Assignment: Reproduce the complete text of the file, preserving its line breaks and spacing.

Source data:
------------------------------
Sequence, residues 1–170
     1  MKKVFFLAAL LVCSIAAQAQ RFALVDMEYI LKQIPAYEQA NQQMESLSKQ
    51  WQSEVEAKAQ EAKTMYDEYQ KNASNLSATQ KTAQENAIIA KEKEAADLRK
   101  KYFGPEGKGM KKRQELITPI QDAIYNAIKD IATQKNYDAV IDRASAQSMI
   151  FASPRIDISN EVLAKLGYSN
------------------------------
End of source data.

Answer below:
Sequence, residues 1–170
     1  MKKVFFLAAL LVCSIAAQAQ RFALVDMEYI LKQIPAYEQA NQQMESLSKQ
    51  WQSEVEAKAQ EAKTMYDEYQ KNASNLSATQ KTAQENAIIA KEKEAADLRK
   101  KYFGPEGKGM KKRQELITPI QDAIYNAIKD IATQKNYDAV IDRASAQSMI
   151  FASPRIDISN EVLAKLGYSN